Unlike the AirPort Utility for setting up an Apple AirPort router, Wireless Diagnostics can be used to troubleshoot and monitor any Wi-Fi or Bluetooth connection you may have, regardless of the manufacturer. That makes Wireless Diagnostics a go-to tool for both fixing wireless issues you may have and fine-tuning your connection for best performance.
You can launch Wireless Diagnostics from its location at: /System/Library/CoreServices/Applications/, or you can option-click the Wi-Fi menu bar applet and select the Open Wireless Diagnostics item.
The utility starts with a bit of an introduction, explaining that the diagnostic tool will create a diagnostic report in the /var/tmp folder. While the report can be helpful for some, it tends to be just a collection of reports containing current settings in all the various preference files used by your Mac’s wireless service. While helpful for remote diagnostics, you’ll likely find the options under the Window menu much more useful.
Info: Provides a look at the current state of both the Wi-Fi and Bluetooth connections.
Logs: Allows you to set up logging operations as well as view the resulting logs. Logs are a good way to find intermittent issues you may have.
Scan: Examines the current Wi-Fi environment your Mac is in. It can display the best available channels to use in your area, as well as the current signal levels, noise, and security settings of Wi-Fi connections it finds.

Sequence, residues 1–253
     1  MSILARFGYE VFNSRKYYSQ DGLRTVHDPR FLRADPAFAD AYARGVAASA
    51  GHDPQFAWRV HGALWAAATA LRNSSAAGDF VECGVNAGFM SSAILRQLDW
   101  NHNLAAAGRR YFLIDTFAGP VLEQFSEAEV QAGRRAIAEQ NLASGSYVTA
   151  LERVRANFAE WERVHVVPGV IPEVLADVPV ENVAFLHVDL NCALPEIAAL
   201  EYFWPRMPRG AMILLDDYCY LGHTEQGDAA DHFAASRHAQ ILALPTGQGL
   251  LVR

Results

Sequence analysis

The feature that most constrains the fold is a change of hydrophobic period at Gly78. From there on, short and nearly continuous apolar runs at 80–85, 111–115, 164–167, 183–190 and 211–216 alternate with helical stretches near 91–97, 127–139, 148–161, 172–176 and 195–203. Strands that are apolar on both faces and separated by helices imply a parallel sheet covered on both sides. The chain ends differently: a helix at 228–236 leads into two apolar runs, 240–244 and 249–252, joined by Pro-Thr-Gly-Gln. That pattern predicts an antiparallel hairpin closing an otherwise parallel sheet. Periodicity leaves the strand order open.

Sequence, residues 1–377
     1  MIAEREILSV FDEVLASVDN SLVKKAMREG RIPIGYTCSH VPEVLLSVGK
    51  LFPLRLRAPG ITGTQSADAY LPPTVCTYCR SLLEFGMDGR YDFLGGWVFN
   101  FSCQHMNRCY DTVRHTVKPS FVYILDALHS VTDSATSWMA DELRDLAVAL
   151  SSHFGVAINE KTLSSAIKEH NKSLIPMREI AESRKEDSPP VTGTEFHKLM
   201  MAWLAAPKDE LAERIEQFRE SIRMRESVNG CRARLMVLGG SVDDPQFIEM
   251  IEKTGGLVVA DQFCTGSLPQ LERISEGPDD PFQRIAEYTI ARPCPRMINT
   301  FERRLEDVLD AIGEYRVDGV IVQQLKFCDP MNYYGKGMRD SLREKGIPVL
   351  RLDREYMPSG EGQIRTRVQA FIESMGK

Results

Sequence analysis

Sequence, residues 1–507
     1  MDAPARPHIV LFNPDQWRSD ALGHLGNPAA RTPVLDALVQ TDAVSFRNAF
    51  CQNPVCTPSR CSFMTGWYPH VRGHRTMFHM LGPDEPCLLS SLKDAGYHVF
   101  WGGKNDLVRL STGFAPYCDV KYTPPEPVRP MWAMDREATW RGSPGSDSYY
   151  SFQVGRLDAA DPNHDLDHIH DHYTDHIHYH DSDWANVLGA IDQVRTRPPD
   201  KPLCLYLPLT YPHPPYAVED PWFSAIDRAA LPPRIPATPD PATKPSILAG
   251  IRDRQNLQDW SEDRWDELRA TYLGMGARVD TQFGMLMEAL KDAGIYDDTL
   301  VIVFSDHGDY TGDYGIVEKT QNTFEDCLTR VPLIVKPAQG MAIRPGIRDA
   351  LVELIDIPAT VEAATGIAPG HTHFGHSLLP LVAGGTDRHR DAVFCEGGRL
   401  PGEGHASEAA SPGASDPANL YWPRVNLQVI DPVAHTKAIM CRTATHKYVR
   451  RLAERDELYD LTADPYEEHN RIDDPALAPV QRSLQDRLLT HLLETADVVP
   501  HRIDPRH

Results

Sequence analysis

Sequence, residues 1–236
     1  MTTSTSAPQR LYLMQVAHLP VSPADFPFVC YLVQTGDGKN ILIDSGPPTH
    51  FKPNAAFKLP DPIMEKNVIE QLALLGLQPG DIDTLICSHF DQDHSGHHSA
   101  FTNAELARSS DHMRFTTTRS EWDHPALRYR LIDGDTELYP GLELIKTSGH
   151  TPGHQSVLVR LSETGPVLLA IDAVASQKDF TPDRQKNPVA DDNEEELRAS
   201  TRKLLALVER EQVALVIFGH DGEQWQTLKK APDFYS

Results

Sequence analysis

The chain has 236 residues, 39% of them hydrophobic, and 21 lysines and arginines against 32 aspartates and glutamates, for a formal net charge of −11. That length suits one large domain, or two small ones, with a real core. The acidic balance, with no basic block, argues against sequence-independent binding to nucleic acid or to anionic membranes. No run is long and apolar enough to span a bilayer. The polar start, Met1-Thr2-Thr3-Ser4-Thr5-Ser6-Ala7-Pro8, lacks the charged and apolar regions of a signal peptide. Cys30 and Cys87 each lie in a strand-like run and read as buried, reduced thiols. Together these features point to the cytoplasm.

Performance: Displays a set of real-time graphs showing signal strength, quality, and transmission rate of the Wi-Fi signal you’re connected to.
Sniffer: Allows you to set up your Mac as a sniffer to capture Wi-Fi traffic for later examination.
Monitor: Similar to the Performance display, but uses a smaller, less intrusive window that can be kept open and out of the way.
Memory Clean 2
A little ways back I bemoaned the loss of Activity Monitor’s ability to show memory information in its Dock icon. I really like to be able to see in near real-time how much RAM I’m currently using on my Mac at any given point.
I could just leave Activity Monitor open on the Memory tab, but that means another app window cluttering up my desktop, and more than likely, it will just get covered up as the day goes on.
Memory Clean 2 solves this problem by displaying available memory directly in the Mac’s menu bar. It also allows me to set a threshold for monitoring free memory. If the amount of free memory goes below the threshold, the menu bar icon will turn red. It seems just about every time my Mac seems to be slowing down, it corresponds to low free memory.
Memory Clean 2 also has the ability to free up memory when needed, though I confess I don’t use this feature since, generally speaking, the Mac is pretty darn good about managing its own memory needs.
There are other memory monitoring apps available, including iStat Menus, which is a favorite of many Mac users. But Memory Clean meets my minimal needs, displaying free memory in the menu bar, and it has a nice price: free.
Find out more about memory monitoring in How to Monitor Your Mac’s Memory Usage.